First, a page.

Alex The Shutter, Flikr

A Florida lawmaker has filed a bill that proposes eliminating the observance of Daylight Saving Time.

Floridians would not have to set their clocks an hour forward each spring and an hour backward each fall if the bill passes.

workingnurse.com

Doctors would have greater leeway in prescribing medications to patients - and insurance companies would have less time to approve prior-authorization requests under a bill proposed by a lawmaker from Sarasota.

Several proposals to combat the opioid epidemic are circulating through the Florida House and Senate.

The Florida Channel

State Senator Jack Latvala (R-Clearwater) resigned from the Senate Wednesday, just a day after a report concluded there was evidence that he sexually harassed several women.

Daylina Miller / WUSF Public Media

Last week we shined a light on the historic neighborhood Progress Village and this week on Florida Matters its story continues.

In the second half of our special two-part series Telling Tampa Bay Stories: Progress Village we hear more residents of Tampa's first affordable housing suburb share their memories growing up there, and talk about how the neighborhood has changed.


Daylina Miller / WUSF Public Media

New bills filed in the Florida House and Senate would create a "Statewide Alternative Transportation Authority” and repurpose $60 million out of an existing rail fund to fund alternative transportation projects - such as "Bus Rapid Transit" and autonomous vehicles – starting in the Tampa Bay area and Miami.

Report Points To Need To Address Physician Shortages

Dec 14, 2017

Florida hospitals have seen a 29 percent increase in the number of residency slots since 2013, but the state still faces physician workforce challenges, a report on graduate medical education released Wednesday shows.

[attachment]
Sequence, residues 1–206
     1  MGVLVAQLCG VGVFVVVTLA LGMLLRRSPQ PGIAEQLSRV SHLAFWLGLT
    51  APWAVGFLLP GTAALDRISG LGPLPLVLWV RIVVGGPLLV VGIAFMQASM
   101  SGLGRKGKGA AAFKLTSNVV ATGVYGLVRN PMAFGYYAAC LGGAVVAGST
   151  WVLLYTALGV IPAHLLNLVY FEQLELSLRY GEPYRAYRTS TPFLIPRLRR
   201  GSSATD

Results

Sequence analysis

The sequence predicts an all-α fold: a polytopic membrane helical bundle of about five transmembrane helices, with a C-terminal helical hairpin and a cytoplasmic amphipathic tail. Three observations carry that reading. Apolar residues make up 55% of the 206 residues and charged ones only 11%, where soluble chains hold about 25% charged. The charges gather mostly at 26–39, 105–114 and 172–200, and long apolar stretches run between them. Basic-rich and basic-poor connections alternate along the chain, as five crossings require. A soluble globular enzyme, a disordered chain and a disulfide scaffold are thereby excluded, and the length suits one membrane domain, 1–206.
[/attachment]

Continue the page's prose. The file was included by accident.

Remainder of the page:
Florida Department of Health

Health officials say the United States could have a harsher than usual flu season, and is already showing influenza activity above the national baseline for the first time this season.

Daylina Miller / WUSF News

Musician Dave Eichenberger is on his computer at his New Port Richey studio uploading a headshot to Goggle4U's website so he can virtually try on a pair of fuchsia eyeglasses.

WUSF Public Media

Throughout this past year, members of WUSF 89.7 and Classical WSMR have been highlighting live music that makes the Tampa Bay Area a little more special as part of our ongoing Art Populi series.

This week on Florida Matters we hear some of those stories.


Adam Shaw, bass in hand, peels a sweat-soaked strip of blonde hair away from his face and steps up to the mic. He growls into the microphone as a swarm of fans, clad in black, bounce on their feet around them, screaming back at the band.

In a new report, Florida gets a middle of the pack ranking overall for mental health when compared to other states and Washington D.C.. But when it comes to access to medical professionals, Florida ranks near the bottom.

This week, all across the country, there are observances for American Education Week. Today and tomorrow, people who work in a variety of careers will be speaking as part of the Great American Teach-In.

Hosts, reporters and staff members from WUSF 89.7, the Tampa Bay region's National Public Radio station, and Classical WSMR, are visiting area schools this week to talk to students about what they do in public media.   

By Erik Christensen - Own work, CC BY-SA 3.0, https://commons.wikimedia.org/w/index.php?curid=8412023

Dentists graduate with a lot of student loan debt. That means it's hard for them to set up in rural areas where people might not have much money -- or health insurance.

Daylina Miller/WUSF News

The Museum of Fine Arts in St. Petersburg hopes to attract both Star Wars fans and fashionistas to their newest exhibition.

"Star Wars, and the Power of Costume" opens this weekend for members of the museum and on Monday for the general public.

Daylina Miller/WUSF News

In the middle of the 300-foot black stone wall, Linda Bessie used a pen to etch the name her late sister's fiancé, John D. Andrade, onto paper.

He died in the Vietnam War when he was 20.